Victor Vaughan, M.D. - Dean of the Medical School for 30 years, and a noted expert in both toxicology and infectious disease, Vaughan’s name is on a red brick office building next to the Taubman Health Sciences Library that started out in 1938 as a dormitory for medical students.Read more about the building, about Vaughan’s time as dean and his role in the 1918 flu pandemic. An organization for medical students interested in history once bore his name, but it was removed in 2019 because of his support for eugenics. His son Henry Frieze Vaughan, Ph.D., was a noted epidemiologist and the first dean of the School of Public Health, and his name is on one of that school’s buildings.

Eliza Mosher, M.D. – As one of the first women to attend the Medical School, starting in 1871 and graduating in 1875, Mosher returned to campus in 1896 as the first female faculty member, a general physician to women students, and Dean of Women. In the intervening years, she had pioneered health programs for imprisoned women in New York. Her name, and that of her successor as dean, Myra B. Jordan, are now on the dormitory on Observatory Street. Read more about her.

Harry Towsley, M.D. – A 1931 graduate of the Medical School who went on to become chair of the Department of Postgraduate Education, Towsley was a champion of continuing medical education, and led the effort to help practicing physicians across Michigan update their knowledge and skills throughout their careers. He and his wife Margaret, an heir of the founder of the Dow Chemical family, gave funds for the creation of the Towsley Center at the heart of the medical campus. It opened in 1969 and includes the Dow Auditorium as well as a Simulation Center where thousands of medical professionals from U-M and beyond train each year. Read more about Harry Towsley here.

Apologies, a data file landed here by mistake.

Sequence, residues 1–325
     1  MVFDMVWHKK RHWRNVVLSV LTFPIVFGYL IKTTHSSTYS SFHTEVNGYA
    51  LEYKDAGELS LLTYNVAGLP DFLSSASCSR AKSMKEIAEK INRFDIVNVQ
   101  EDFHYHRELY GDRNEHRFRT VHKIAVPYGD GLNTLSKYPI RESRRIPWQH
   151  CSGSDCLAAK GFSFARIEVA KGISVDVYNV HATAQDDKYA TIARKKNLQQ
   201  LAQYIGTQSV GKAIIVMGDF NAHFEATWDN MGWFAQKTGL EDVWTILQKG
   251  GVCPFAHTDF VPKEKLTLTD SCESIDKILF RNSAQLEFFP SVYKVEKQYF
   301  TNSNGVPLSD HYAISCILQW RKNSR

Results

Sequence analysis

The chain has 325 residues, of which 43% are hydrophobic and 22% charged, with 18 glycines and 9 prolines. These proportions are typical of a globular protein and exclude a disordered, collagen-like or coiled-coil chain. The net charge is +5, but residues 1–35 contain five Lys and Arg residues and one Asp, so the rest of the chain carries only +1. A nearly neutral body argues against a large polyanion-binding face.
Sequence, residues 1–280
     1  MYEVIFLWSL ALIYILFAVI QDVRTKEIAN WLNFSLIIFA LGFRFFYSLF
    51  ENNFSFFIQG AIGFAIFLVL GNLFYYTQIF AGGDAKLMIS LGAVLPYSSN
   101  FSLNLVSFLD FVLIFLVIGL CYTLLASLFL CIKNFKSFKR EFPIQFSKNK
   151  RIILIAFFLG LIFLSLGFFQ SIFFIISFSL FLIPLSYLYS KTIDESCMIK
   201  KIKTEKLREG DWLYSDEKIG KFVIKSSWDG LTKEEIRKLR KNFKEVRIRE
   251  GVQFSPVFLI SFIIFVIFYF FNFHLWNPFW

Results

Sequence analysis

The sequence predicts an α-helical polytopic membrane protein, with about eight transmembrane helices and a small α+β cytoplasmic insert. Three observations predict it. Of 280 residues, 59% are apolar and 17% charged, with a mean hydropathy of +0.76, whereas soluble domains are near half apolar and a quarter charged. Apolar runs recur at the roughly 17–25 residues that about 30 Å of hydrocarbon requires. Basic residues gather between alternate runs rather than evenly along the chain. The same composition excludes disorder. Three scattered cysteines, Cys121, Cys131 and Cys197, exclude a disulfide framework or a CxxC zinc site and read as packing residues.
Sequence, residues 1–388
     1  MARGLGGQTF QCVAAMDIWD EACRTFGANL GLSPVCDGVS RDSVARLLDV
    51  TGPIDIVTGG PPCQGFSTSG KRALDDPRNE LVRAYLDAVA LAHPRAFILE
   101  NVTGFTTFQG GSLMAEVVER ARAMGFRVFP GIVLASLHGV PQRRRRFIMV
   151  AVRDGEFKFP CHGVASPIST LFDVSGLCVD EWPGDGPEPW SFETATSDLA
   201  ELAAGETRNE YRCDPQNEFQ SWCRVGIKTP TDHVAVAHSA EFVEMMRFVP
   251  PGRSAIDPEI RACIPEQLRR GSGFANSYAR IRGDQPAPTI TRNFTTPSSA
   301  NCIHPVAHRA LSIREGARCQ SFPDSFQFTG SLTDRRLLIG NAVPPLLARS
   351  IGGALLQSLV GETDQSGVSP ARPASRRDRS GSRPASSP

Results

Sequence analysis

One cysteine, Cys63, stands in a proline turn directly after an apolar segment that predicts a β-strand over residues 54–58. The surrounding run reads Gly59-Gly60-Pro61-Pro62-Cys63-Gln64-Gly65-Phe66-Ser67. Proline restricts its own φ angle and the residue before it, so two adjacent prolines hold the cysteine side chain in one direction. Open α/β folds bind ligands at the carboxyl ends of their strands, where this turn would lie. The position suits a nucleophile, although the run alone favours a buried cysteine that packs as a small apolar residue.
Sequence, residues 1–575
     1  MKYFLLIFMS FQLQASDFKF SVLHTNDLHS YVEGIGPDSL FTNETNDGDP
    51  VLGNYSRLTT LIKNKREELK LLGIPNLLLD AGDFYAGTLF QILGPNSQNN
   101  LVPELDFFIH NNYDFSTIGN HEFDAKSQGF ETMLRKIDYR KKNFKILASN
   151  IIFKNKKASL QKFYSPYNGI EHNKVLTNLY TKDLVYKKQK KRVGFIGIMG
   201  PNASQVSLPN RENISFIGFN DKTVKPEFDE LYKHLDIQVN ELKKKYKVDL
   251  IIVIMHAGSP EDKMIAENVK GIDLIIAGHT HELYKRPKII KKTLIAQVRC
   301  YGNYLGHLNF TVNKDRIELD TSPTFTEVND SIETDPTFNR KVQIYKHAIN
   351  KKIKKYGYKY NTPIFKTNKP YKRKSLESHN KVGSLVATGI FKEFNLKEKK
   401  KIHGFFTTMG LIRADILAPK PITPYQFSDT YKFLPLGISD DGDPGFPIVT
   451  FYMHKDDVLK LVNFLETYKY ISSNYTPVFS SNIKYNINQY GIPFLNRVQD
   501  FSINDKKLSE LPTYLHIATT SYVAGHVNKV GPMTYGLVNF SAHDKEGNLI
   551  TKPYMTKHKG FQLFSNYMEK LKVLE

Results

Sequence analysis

Moses Gunn, M.D. – One of the first five Medical School faculty, Gunn was an anatomy and surgery professor, and briefly served as dean. His name is now on the Department of Surgery’s annual research conference. Read more about him here.

 

Seven noted scientists, seven lecture halls